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FOIA Update: House Committee Develops Its Own Electronic Record FOIA Amendment Bill

FOIA Update
Vol. XVII, No. 3

House Committee Develops Its Own
Electronic Record FOIA Amendment Bill

In a sudden development that has both energized and complicated the process of obtaining consensus electronic record FOIA legislation, a committee of the House of Representatives has developed and immediately acted upon its own counterpart FOIA amendment bill.

On July 25, the House Committee on Government Reform and Oversight marked up and approved a bill, H.R. 3802, entitled the "Electronic Freedom of Information Amendments of 1996," that was introduced by Rep. Randy Tate (R. Wash.) less than two weeks earlier. After it was introduced on July 12, H.R. 3802 was given immediate consideration by the Subcommittee on Government Management, Information, and Technology, which is chaired by Rep. Stephen Horn (R. Cal.), and it was approved by the subcommittee without any modification on July 16.

At the full committee level, the bill was modified by proposals introduced by both Chairman Horn and Rep. Carolyn Maloney (D. N.Y.), the Ranking Minority Member of the subcommittee. (See pages 3-6 of this issue of FOIA Update for the full text of H.R. 3802 as approved by the full committee.)

As approved by the House full committee, H.R. 3802 differs markedly from the Senate electronic record FOIA amendment bill that was sponsored primarily by Sen. Patrick Leahy (D. Vt.) and was approved by the Senate Judiciary Committee earlier this year. See FOIA Update, Spring 1996, at 1. It contains the following major provisions:

  • Definition of record. Unlike the Senate bill, H.R. 3802 does not contain a comprehensive definition of the term "record" under the FOIA. Rather, in Section 3 of the bill, it provides that any reference to the term "record" or "information" in the Act should "include[ ] any information that would be an agency record subject to [the Act] if maintained by an agency in any format including an electronic format." This provision does not specifically address the agency record status of computer software.
  • Form or format of disclosure. H.R. 3802 contains two provisions that appear to apply to the situation in which a FOIA requester seeks to choose among existing forms or formats of a record and to the situation in which the requester might seek to obtain a record in a new form or format. First, it would require an agency to provide a record in a requested form or format "if the record is readily reproducible by the agency in that form or format." Second, it would require agencies to make "reasonable efforts" to maintain their records "in forms or formats that are reproducible" for purposes of FOIA requests.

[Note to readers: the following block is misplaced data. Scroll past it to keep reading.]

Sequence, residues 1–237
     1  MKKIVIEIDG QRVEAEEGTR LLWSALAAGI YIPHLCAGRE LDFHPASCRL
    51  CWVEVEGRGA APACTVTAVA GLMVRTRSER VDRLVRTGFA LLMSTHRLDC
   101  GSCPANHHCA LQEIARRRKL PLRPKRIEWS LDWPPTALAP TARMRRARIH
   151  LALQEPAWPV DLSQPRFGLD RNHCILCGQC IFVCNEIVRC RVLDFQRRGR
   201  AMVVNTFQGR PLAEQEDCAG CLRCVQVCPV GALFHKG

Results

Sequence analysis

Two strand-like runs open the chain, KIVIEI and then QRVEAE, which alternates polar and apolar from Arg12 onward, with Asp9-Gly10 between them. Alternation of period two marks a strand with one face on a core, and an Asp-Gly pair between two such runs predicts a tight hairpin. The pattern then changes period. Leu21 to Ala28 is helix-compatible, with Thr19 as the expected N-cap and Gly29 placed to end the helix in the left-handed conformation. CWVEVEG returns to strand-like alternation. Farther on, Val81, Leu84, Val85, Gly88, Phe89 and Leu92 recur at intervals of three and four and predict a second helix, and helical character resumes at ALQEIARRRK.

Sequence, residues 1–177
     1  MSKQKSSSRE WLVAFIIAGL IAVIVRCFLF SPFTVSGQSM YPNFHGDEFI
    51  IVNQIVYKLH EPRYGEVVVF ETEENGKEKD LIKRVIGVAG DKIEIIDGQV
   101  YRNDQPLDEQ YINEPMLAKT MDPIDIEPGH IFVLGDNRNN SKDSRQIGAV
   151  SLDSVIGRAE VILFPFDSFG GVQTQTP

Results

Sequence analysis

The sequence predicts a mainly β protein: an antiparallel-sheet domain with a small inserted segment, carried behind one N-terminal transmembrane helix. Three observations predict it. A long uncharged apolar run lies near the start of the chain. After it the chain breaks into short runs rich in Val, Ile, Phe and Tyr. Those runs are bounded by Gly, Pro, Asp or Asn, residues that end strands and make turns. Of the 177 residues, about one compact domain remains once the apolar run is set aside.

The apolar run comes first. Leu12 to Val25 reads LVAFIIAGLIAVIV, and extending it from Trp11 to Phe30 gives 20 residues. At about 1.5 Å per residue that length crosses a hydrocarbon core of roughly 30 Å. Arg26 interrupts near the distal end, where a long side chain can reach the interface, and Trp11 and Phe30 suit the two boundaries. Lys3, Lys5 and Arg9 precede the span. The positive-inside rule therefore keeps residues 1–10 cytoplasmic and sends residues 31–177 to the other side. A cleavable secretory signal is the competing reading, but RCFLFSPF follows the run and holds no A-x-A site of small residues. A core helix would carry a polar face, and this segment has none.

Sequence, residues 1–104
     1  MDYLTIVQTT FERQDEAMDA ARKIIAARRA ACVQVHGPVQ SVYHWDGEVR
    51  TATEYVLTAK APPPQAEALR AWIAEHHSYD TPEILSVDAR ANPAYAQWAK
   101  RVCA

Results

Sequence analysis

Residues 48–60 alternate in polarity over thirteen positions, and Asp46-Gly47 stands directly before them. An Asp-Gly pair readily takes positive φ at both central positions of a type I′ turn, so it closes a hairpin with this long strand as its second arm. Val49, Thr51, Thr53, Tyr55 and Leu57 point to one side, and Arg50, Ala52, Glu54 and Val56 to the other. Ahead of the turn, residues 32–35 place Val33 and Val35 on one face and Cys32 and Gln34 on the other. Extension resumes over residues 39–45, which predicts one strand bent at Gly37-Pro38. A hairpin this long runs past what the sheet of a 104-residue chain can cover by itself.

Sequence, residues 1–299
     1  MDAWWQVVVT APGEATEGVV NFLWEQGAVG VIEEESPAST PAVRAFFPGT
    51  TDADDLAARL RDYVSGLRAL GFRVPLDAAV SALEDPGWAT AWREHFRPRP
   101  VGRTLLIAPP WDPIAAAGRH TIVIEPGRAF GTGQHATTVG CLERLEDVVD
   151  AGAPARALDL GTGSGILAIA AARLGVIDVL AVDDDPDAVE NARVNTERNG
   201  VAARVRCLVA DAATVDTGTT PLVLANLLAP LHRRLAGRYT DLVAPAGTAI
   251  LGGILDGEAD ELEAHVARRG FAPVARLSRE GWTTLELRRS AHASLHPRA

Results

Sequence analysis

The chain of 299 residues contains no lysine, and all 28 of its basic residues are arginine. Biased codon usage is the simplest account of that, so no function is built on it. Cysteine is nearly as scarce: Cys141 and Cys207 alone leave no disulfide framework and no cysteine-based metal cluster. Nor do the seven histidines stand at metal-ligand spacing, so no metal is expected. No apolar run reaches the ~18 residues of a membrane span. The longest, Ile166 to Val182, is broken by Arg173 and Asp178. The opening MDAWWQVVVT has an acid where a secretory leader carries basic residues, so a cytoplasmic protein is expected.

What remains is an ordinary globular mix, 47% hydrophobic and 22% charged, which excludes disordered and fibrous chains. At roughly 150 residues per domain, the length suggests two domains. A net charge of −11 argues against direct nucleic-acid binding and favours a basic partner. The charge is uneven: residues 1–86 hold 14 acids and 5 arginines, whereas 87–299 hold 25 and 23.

• Electronic record searches. On the subject of an agency's obligation to search for requested information according to the specifications of a particular FOIA request, H.R. 3802 would specifically define the term "search" to include one conducted "by automated means." In an adjacent provision of Section 4 of the bill, it would employ the same "reasonable efforts" standard to govern the extent of requested electronic searches.
  • Electronic "reading room" availability. An unnumbered section of H.R. 3802 as approved by the House full committee would require agencies to make all "reading room" materials created on or after November 1, 1996 available in electronic form within one year. Agencies also would be required to provide "reading room" availability to all records released to FOIA requesters that the agencies determine "have become or are likely to become the subject of subsequent requests," together with an index of those records.
  • Time limits and backlogs. Like under S. 1090, H.R. 3802 would increase the time limit for an agency's initial FOIA response from ten to twenty days, but it contains a provision (Section 6(c)) that would specifically disallow a "predictable agency workload of requests" from serving as an "exceptional circumstance" for purposes of a court-ordered stay of proceedings under the Open America decision. Unlike the Senate bill, this part of the House bill contains no provision that would make this limitation applicable prospectively, to new FOIA requests only.

    Also different from S. 1090, H.R. 3802 would establish a procedure by which an agency could ask a requester to agree to a modification of a FOIA request that is of exceptional "scope or complexity." Under Section 6(b) of the bill, an agency could give such a requester "an opportunity to limit the scope of the request so that it may be processed within [the Act's] time limit or an opportunity to arrange with the agency an alternative time frame for processing the request or a modified request." Under both Sections 6(b) and 6(c) of the bill, in such a situation a FOIA requester's refusal to agree to such a modification, if found unreasonable, could qualify as "exceptional circumstances" for purposes of an Open America stay.